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I'm trying to design a simple event system that, "basically", looks like this:

  • the observer entity keeps a list of all objects that need to be notified. It also stores a queue of fired events. Events are then processed by the object list, iteratint through this object list.
  • an object keeps a list of observers it sends events to. Each particular object, that inherits from the base object, can fire its own specialised events (key, mouse, collision, etc.). The object also has a method HandleEvent(..) with different overloads for compile time type detection, instead of using dynamic_casting.

What would be better to choose, when firing events: creating them on the stack and passing them by reference, or allocating them dynamically on the heap and use dynamic_casting and let the observer deallocate them when they're processed by the objects that can handle them? (e.g. isn't dynamic allocation unnecessary when an event can be fired quite often; what about dynamic casting, isn't it avoidable?).

Also, this is not quite a thread-safe scenario..

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Please clarify what you mean when you say, "this is not quite a thread-safe scenario" –  John Dibling Nov 15 '12 at 14:35
I fear that declaring objects on the stack (e.g. the events in a function body) might be a bad idea in a multi-threaded scenario, since those objects are likely to get destroyed while they're processed by another thread. –  teodron Nov 15 '12 at 14:40
Well, you're right. However in the scenario you wrote about, in neither case did you use stack-based allocation. –  John Dibling Nov 15 '12 at 14:47
Oh, sorry, you're right, I saw the double "create them on a heap" sentence being used in the same phrase. –  teodron Nov 15 '12 at 14:51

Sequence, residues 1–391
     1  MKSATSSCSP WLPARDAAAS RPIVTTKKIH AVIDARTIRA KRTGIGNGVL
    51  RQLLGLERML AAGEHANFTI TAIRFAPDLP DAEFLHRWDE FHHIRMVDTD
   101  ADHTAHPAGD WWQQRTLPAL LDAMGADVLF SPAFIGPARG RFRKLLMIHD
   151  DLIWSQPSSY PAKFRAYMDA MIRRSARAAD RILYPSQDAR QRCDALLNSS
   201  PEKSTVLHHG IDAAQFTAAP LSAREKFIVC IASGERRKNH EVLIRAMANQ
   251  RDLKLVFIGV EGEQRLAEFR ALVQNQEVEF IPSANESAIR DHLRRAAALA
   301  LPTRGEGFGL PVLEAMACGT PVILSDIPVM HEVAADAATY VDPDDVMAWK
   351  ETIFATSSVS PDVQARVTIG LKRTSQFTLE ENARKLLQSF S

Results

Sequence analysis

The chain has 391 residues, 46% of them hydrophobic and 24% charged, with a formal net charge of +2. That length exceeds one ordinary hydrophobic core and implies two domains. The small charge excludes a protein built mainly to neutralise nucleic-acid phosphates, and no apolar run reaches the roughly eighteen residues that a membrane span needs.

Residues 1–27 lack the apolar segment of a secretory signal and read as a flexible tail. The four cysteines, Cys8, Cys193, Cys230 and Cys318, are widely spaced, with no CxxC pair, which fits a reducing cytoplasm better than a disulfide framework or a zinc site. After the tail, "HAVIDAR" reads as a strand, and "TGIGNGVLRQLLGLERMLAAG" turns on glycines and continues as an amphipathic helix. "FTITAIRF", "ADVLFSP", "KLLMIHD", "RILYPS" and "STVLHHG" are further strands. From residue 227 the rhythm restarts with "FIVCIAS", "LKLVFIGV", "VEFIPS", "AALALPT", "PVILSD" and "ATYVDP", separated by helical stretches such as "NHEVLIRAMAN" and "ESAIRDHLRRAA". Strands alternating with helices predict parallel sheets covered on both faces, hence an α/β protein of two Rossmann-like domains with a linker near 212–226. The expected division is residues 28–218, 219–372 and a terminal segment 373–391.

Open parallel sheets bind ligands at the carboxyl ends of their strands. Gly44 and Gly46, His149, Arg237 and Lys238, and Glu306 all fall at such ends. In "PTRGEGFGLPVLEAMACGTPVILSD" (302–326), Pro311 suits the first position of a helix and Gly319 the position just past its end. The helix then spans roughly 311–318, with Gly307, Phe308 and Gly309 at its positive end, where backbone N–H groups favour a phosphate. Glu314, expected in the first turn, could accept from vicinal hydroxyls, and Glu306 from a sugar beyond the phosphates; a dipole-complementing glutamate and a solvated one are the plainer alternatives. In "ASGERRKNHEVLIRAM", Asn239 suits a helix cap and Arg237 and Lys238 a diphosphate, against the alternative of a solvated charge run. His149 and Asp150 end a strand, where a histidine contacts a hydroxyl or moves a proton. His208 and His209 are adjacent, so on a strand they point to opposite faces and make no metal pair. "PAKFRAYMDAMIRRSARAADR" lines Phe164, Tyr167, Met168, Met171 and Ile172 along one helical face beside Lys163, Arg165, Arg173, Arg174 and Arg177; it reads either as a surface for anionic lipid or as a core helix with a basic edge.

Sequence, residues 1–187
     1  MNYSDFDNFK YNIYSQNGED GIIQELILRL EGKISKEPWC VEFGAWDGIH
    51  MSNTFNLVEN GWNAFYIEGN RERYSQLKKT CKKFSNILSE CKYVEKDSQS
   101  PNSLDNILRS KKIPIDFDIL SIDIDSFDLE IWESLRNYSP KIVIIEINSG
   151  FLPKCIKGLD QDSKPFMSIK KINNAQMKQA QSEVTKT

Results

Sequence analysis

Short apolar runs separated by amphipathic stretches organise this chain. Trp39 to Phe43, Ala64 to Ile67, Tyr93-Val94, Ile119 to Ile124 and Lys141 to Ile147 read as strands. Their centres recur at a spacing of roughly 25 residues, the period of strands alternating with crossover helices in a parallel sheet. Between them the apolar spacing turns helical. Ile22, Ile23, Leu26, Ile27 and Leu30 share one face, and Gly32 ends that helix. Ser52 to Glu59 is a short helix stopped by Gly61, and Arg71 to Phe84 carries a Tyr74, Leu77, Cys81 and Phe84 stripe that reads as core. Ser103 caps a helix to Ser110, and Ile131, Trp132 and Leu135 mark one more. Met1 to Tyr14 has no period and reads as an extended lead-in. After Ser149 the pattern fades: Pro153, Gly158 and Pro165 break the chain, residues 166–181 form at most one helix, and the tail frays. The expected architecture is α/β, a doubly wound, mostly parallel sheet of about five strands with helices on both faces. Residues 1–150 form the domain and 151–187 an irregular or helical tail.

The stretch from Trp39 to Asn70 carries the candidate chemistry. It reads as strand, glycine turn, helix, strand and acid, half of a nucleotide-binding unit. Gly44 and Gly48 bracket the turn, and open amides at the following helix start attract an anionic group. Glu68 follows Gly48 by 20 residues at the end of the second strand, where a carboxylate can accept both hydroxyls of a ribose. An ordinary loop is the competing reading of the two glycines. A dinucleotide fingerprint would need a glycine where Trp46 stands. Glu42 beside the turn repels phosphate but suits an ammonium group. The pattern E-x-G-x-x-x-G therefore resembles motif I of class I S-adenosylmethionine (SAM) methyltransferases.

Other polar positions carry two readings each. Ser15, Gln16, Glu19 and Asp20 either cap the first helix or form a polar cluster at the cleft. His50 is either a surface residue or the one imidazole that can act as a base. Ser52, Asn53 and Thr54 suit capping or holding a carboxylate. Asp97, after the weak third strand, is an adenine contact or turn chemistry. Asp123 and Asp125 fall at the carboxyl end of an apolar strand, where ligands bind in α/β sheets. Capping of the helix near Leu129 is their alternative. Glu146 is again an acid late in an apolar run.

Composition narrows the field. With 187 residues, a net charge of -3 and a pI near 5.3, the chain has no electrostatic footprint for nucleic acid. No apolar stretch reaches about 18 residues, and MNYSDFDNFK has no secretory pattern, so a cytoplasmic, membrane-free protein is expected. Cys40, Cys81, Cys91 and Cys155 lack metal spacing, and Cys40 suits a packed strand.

Great, thanks, that makes it a little more clear. –  John Dibling Nov 15 '12 at 14:54
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1 Answer

up vote 2 down vote accepted

Do you need dynamic allocation? No. Typically, you want

void fireEvent()
    Event ev;
    for ( each observer )

And the observer's signature

void trigger(const Event& ev);

Note that "passing references to them" isn't true, pedantically speaking. It's actually "passing them by reference".

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Remark noted; if this were a threaded scenario, what would happen to the event the trigger functions tries to inject to various handlers? (assuming the triggering is performed on different threads?). –  teodron Nov 15 '12 at 14:56
@teodron First, why do you assume threading is an issue? –  Luchian Grigore Nov 15 '12 at 14:59
The main reason is that although stack managed objects are, usually, preferable in terms of allocation speed to heap managed ones, if one tries to use multiple threads, the references could get corrupted. –  teodron Nov 15 '12 at 15:12
@teodron I don't see how. –  Luchian Grigore Nov 15 '12 at 15:14
The trigger could try and pass around an object that used to exist on the stack, but was destroyed upon the exit of the void fireEvent() method.. or is this not the standard behaviour? (I may be very confused..) –  teodron Nov 15 '12 at 15:37
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